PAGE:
Philip's son, Alexander, was idolized by the army and beloved by the royal court because of his handsome looks, athleticism, and polite manners. He had already participated in several military campaigns, and had led a crucial charge against the Greeks at Chaeronea for which he was widely acclaimed as a hero and a military genius. He seized the Macedonian throne without difficulty and, at the age of twenty, prepared to conquer the world.

To be continued...

For my previous posts on the History of Civilization, click here.

Friday, May 1, 2009

Eye Candy

The Road to Jerusalem

The Road to Jerusalem: Book One of the Crusades Trilogy
by Jan Guillou
$17.15 in the Hansisgreat Gift Shop
This is an exciting and easy to read new piece of historical fiction. It takes place in Sweden during the 12th century, in the middle of the Crusades.
Arn Magnusson is our story's young hero. Born into an aristocratic Swedish family, Arn seems touched by God from birth. As a boy he falls from a tower in his father's castle and is pronounced dead, only to be miraculously revived thanks to his mother's prayers and a promise that, if Arn lives, she will dedicate his life to God's service.
Soon Arn is sent to a monastery for training as an oblate (a boy monk). It's interesting that, although Arn has very little to say throughout the book, his character is still developed surprisingly well. The monks charged with instructing Arn quickly notice that he has some unusual talents: he's ambidextrous, for example. He also soon becomes a gifted archer and soldier while still keeping his monastic vows.
All this is set against the backdrop of the crusader army losing in the war for the Holy Land, as the Islamic empire reasserts is power over the cities on the Mediterranean coast. Additionally, war among the Scandinavian kings who are fighting for dominance brings added instability and intrigue to the story.
Guillou does a truly masterful job of explaining the history of the Crusades to those of us who are interested, but don't know too much about them. It's not a history book at all: entirely fiction, but it still manages to keep the facts straight.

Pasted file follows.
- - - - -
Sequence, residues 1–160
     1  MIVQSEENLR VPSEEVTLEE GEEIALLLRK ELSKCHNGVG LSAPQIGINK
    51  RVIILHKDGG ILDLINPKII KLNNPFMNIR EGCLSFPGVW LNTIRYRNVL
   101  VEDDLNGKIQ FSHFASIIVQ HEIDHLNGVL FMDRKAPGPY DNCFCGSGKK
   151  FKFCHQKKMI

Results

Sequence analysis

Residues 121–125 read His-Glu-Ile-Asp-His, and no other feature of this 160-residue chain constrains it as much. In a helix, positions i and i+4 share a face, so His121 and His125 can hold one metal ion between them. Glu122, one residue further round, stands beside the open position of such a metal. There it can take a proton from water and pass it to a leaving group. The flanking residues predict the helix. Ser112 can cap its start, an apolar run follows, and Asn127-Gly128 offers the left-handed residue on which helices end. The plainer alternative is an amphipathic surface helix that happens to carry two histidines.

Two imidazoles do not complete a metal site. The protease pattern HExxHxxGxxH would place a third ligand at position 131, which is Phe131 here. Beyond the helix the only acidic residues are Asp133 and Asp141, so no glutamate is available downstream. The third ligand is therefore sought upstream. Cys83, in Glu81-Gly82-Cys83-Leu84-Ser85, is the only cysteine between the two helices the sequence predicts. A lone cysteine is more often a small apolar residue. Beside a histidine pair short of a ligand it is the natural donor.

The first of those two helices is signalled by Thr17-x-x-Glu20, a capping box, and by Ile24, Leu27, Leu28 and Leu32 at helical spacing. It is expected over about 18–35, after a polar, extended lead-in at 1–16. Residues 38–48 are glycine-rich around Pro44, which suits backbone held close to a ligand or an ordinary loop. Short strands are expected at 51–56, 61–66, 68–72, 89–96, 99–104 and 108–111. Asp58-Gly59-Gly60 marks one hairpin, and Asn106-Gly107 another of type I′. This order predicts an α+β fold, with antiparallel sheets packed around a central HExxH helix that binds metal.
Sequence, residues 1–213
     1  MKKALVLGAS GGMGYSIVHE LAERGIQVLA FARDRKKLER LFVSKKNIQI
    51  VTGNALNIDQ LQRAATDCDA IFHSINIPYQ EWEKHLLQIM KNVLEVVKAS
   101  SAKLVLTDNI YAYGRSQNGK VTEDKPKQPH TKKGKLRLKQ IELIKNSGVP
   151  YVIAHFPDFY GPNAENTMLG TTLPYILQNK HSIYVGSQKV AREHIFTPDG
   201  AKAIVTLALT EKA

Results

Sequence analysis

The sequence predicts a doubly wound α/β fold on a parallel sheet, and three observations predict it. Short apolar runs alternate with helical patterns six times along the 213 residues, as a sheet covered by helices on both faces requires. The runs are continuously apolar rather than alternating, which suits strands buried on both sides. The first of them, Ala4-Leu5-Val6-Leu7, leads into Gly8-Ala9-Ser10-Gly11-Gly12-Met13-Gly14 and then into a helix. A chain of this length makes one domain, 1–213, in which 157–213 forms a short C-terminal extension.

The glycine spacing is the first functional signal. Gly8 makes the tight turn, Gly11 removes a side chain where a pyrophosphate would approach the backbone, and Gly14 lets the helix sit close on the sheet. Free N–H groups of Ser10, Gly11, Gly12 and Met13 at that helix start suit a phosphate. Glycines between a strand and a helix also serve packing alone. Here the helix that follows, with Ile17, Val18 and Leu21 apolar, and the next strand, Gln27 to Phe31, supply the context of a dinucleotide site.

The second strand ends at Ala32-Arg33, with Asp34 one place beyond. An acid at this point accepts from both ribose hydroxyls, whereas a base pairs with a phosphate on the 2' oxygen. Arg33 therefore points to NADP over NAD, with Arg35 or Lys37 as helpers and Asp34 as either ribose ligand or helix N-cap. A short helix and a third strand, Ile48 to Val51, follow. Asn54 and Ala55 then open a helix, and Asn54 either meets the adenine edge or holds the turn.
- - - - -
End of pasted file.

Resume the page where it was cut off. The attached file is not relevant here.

We never get to the Holy Land in this first volume of the trilogy. Arn's talent for swordplay earns him a place in the hugely respected Knights Templar, whose mission is to protect religious pilgrims traveling from Europe to Jerusalem, so a visit to the blood soaked land of history's most disastrous war is imminent for volume two. The Road to Jerusalem takes place entirely in Europe, mostly in medieval Sweden, which is interesting in its own way: full of violence and intrigue while still outside the hotbed of European politics.
If you enjoy fiction about war and medieval history, you'll love this book. It's engaging from the first few pages, with frequent surprising plot twists and endless adventure. Arn is highly sympathetic as the male lead, with a terrific cast of supporting characters. Fans of the Da Vinci Code and its ilk are especially encouraged to check this one out.
The Road to Jerusalem offers the entire panoply of medieval Christendom: brave knights, treacherous royalty, pious monks, seductive maidens, and one of the most gruesome wars of all time. This is a surefire winner, certain to become the thrill-ride hit of the summer.